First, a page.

I remember as a theater student seeing ‘Sunday in the Park with George’ and the impact it had on me, in terms of how different and experimental it seemed for a commercial Broadway musical. What is it about Sondheim that makes him such a talent?
What makes Steve distinctive throughout his career -- and ‘Sunday in the Park’ is a particular landmark -- is his talent, of course. But also, he always wants to do something new, to keep moving forward as an artist, and also for the sake of musical theater as an art form. In the case of ‘Sunday in the Park,’ Steve made a decision, after the Broadway failure of ‘Merrily Roll Along,’ to work off Broadway, where commercial pressures are less intense and artistic freedom is greater. For someone who is a self described “Broadway baby” -- Steve began his career with ‘West Side Story’ in 1957 -- that was a real change, to move off-Broadway almost 30 years later and to seek out and work with a writer-director like James Lapine, who was not a traditional theater person. ‘Sunday in the Park’ was very controversial at the time. It is now considered a classic. But working then as a New York Times drama critic, I liked it and praised it and was stunned, even from afar, at how much hostility arose around a show that took as its subject, in part, art; that jumped a century between the first act and second act, and told two complementary but different stories; that tried to reproduce some of the techniques of an avant garde painter, George Seurat, in both the writing of the book that James did and the writing of the music and lyrics that Steve did. And indeed, right down to the production design, which, of course, James, had a huge role in.
‘Sunday’ wasn’t ‘Oliver’ or ‘Hello, Dolly!’ or even ‘Cabaret.’ It felt radically different from the work of other mainstream musical theater composers.
Steve would be the first to say the American musical theater has produced a number of great songwriters. But the thing that makes Steve unique -- and shows his evolution -- is his willingness to write songs that are completely in service of the characters he is writing for. So he is not sitting around saying, “Gee, can I write a hit song for ‘Follies’ or for ‘A Little Night Music’ or for ‘Sunday in the Park’?” He is writing and inhabiting these characters. That’s an aesthetical artistic goal that is totally different from what had often been the tradition of Broadway, of serving the characters, but also writing a song that might have a lot of cover versions, like Louis Armstrong doing ‘Hello Dolly!’ And he learned this from his mentor, Oscar Hammerstein. Hammerstein isn’t thought of this way now, but he was experimental in his own way, in his own time. And what separated [Richard ] Rodgers and Hammerstein from their peers was that they would write serious scripts that dealt with serious issues, in shows like ‘Oklahoma!’ ‘Carousel,’ and ‘The King and I.’ Steve is a very explicit fan of all Rodgers and Hammerstein shows. And the show that Rodgers and Hammerstein wrote after ‘Carousel’ was a show that was failed, called ‘Allegro.’ And Stephen was Hammerstein’s assistant on that show. And he learned a lot about experimentation and the value of doing it.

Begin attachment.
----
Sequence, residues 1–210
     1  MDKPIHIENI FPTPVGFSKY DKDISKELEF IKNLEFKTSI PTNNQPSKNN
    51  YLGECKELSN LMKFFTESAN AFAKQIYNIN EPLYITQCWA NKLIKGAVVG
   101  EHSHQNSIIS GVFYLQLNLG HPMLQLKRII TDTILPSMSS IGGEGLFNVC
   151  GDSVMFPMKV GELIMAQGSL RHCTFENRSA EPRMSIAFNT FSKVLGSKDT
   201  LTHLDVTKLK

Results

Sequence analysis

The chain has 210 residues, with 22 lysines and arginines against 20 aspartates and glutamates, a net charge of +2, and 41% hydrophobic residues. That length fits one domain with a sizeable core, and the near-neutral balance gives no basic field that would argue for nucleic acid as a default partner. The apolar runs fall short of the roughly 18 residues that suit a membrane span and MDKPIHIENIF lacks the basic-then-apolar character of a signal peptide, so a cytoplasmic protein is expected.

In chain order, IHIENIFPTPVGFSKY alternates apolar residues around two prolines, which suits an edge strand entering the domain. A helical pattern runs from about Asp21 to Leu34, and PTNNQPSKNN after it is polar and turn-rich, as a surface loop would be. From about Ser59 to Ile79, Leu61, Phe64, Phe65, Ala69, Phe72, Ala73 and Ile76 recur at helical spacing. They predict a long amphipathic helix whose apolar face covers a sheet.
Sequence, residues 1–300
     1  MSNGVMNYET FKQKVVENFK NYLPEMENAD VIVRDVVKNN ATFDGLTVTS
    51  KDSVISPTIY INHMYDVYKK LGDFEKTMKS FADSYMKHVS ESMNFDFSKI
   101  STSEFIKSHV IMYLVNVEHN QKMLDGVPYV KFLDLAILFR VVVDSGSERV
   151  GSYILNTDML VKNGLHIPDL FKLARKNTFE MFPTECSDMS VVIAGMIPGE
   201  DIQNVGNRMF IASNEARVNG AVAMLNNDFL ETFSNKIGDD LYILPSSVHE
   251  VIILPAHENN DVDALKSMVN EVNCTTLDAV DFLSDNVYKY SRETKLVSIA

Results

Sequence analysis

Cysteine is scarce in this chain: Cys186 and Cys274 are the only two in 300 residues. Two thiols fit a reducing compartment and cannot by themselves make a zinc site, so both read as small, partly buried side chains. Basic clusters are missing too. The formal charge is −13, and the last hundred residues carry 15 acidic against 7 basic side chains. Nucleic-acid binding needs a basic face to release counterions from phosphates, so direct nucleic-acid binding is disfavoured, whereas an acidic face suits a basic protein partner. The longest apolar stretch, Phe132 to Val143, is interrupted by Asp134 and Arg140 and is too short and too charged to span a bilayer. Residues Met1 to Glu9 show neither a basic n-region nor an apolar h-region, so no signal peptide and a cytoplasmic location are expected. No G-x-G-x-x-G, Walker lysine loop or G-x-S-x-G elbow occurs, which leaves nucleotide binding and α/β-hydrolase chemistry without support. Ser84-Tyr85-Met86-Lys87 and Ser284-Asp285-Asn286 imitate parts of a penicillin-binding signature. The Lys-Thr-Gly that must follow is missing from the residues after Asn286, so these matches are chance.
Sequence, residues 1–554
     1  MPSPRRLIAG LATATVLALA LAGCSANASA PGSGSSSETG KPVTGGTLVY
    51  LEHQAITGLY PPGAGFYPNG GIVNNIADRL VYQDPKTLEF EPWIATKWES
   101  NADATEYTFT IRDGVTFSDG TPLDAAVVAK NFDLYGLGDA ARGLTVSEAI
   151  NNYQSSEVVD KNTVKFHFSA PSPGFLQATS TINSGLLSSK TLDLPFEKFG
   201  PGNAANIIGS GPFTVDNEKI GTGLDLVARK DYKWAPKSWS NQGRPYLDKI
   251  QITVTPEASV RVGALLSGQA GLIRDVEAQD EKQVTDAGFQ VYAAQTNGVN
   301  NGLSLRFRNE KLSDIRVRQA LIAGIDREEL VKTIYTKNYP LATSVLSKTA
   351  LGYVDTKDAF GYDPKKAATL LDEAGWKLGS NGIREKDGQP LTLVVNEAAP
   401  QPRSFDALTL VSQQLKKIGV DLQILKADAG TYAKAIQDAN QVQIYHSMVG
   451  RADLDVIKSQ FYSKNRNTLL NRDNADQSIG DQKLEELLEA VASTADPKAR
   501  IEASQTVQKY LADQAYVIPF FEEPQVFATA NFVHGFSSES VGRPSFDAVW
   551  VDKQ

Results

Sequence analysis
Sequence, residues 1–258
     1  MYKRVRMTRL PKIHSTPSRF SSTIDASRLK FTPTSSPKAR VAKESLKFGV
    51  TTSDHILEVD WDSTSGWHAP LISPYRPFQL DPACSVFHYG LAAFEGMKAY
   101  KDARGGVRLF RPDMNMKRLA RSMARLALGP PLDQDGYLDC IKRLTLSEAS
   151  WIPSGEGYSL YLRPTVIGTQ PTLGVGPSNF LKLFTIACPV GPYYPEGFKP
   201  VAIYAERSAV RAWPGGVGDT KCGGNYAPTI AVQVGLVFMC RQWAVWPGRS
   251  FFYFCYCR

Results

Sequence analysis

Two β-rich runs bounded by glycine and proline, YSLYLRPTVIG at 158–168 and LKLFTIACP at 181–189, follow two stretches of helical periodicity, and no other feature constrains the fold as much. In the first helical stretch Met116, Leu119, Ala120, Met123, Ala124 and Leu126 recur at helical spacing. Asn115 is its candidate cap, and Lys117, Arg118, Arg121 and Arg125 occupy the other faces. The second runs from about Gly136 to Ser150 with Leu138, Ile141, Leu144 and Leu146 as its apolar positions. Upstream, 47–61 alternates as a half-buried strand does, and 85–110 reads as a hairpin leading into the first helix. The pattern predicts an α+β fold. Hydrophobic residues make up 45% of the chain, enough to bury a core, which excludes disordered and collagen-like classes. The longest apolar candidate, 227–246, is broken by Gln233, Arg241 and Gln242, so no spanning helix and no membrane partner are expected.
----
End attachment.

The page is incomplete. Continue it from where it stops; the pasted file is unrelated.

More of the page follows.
I don’t remember when, but early on I remember talking to Steve about his shows and he said, “I think every show I write is gonna be a big hit. And it surprised me because whatever I write is always so interesting to me, I assume it’s going to be interesting to other people. And, of course, I’m often shocked that it isn’t.” But that’s why Steve doesn’t think about an audience: He just thinks about what interests him, and that’s what he wants to get involved in. I was so shocked when ‘Sunday in the Park’ came out and people thought it was so different. And I remember the first time I met Steve, he was so down in the dumps about ‘Merrily,’ and how none of his plays were big commercial hits. Even when they were Tony Award winners, I don’t think any of them had the kind of success that a lot of the Rodgers and Hammerstein shows had had. And I said to him, “Well, I’m sure if you wanted to sit down and write a big commercial show, you could.” And he just looked at me like I was nuts. He said, “I would never do that.” The irony, of course, is that his shows have all gone on to have such a long life. And a lot of the shows that have great success in their time are long forgotten.
Sondheim shows like ‘Sunday in the Park’ and ‘Sweeney Todd’ -- they didn’t make their investment back. That’s the definition of a flop, by Broadway accounting. And yet, they are always being produced somewhere.
One of the more revealing moments in the film is Sondheim talking about his complicated relationship to his mother. Do you think that fed his work in some way?